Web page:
Sony's PlayStation 3 and Microsoft's Xbox 360 are capable of DTS decoding and output via TOSLINK or HDMI as LPCM. However, HDMI output on the Xbox 360 is only found on the "Elite" model and newer models available since mid-2007, with the release of the Falcon motherboard revision. Also, the Xbox 360 cannot decode DTS from DTS audio CDs. PlayStation 3 consoles can bitstream DTS over HDMI, but cannot decode audio from DTS audio CDs. The newer "slim" models are able to bitstream DTS-HD MA as well, but also cannot decode audio from DTS CDs.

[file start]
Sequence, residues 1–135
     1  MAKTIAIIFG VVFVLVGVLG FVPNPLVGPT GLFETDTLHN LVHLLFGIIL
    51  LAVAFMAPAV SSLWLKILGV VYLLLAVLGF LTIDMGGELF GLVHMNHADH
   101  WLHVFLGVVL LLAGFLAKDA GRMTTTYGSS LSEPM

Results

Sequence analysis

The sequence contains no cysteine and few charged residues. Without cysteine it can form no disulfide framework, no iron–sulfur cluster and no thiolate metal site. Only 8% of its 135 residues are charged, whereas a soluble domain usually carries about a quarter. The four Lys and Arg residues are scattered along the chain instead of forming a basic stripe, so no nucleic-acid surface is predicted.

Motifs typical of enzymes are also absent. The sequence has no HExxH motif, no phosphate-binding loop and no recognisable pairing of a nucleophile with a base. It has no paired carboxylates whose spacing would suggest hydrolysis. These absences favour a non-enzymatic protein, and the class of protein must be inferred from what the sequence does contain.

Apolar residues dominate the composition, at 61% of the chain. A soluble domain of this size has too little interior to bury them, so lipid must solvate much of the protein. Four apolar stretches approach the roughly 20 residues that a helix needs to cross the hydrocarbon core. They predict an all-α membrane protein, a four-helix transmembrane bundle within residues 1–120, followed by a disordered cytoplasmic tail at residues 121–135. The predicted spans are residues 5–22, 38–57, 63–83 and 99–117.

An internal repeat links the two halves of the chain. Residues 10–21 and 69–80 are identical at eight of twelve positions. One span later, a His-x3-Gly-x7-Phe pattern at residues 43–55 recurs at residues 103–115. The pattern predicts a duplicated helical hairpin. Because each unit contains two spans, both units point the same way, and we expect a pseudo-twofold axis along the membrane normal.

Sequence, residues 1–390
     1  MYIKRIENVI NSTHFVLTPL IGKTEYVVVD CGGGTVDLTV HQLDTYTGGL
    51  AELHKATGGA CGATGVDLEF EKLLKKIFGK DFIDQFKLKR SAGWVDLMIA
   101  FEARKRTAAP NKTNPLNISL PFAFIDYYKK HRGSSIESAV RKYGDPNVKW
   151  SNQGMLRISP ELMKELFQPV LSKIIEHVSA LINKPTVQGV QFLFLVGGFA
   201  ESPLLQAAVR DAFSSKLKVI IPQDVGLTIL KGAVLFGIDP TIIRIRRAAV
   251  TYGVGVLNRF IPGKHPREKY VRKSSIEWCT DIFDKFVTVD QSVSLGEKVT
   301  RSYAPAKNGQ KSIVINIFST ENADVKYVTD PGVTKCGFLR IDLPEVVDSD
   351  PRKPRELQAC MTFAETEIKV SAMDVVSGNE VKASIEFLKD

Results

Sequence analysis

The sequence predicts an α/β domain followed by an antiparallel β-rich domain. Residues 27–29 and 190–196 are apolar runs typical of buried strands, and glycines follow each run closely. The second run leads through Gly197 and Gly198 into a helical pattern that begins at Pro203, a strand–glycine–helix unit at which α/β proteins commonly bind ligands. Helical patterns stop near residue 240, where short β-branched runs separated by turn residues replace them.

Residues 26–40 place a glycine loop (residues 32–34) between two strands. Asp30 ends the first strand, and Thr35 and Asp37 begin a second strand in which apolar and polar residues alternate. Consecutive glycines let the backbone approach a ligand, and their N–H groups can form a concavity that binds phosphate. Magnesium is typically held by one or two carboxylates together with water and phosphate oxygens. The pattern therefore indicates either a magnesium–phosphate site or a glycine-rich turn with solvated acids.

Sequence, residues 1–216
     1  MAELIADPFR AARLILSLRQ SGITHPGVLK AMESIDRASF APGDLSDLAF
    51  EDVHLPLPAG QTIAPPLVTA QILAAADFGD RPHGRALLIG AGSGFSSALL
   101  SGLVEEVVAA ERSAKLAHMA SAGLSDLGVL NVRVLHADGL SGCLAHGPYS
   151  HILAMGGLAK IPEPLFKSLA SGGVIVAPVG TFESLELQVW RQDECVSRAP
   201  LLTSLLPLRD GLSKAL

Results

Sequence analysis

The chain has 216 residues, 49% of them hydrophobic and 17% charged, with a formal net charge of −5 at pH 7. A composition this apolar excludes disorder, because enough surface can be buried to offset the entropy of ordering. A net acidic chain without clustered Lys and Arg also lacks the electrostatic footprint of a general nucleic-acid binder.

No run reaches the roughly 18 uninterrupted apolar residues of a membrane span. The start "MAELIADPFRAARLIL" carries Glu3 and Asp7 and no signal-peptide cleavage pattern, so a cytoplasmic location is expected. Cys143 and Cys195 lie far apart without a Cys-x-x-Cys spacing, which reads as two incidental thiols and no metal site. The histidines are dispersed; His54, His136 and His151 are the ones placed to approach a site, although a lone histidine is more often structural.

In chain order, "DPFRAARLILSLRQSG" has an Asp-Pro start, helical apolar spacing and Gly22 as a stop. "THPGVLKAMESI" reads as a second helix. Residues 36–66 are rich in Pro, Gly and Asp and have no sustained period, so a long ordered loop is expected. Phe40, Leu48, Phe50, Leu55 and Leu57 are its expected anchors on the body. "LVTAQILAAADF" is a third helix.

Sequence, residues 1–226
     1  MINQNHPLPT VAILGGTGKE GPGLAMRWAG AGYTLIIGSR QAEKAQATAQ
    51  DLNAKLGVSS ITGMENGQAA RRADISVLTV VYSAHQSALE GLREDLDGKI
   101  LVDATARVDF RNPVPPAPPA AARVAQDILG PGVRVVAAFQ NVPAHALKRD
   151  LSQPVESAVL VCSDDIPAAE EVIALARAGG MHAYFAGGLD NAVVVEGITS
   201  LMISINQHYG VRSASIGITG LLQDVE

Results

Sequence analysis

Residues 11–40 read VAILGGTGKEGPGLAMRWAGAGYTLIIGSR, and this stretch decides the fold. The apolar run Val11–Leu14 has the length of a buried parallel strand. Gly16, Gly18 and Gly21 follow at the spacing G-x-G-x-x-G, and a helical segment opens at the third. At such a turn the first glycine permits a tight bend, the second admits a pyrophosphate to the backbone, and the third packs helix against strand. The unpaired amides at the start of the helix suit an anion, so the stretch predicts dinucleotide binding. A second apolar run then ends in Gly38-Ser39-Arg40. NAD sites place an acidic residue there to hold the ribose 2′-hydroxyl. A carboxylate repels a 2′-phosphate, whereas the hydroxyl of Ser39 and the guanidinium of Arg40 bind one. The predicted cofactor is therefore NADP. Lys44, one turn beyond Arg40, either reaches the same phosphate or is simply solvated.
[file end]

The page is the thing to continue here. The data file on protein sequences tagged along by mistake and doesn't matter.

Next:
DTS and Dolby Digital (AC-3), DTS's chief competitor in the cinema theatre and home theatre markets, are often compared because of their similarity in product goals, though Dolby believed that the surround channels should be diffused[clarification needed] and DTS said they should be directional. In theatrical installations, AC-3 audio is placed between sprocket holes on the 35 mm film itself, leaving the audio content susceptible to physical damage from film wear and mishandling. DTS audio is stored on a separate set of CD-ROM media, with greater storage capacity that affords the potential to deliver better audio fidelity and is not subject to the usual wear and damage suffered by the film print during the normal course of the movie's theatrical screening. Disregarding the separate CD-ROM assembly as a potential point of failure, the DTS audiopath is comparatively impervious to film degradation, unless the film-printed timecode is completely destroyed.